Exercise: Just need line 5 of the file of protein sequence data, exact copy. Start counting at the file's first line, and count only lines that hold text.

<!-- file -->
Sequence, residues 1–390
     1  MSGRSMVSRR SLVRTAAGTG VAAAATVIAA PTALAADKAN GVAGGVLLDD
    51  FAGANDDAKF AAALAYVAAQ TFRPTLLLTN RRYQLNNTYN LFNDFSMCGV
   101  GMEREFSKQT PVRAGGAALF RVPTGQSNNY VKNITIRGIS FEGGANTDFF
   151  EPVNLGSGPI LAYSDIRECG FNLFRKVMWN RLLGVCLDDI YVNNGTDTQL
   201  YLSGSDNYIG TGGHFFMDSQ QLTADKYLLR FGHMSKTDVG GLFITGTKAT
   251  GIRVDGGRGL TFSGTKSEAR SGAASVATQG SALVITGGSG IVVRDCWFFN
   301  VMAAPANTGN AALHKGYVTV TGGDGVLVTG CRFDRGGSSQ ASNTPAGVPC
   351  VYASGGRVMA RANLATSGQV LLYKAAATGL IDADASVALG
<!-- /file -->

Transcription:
   151  EPVNLGSGPI LAYSDIRECG FNLFRKVMWN RLLGVCLDDI YVNNGTDTQL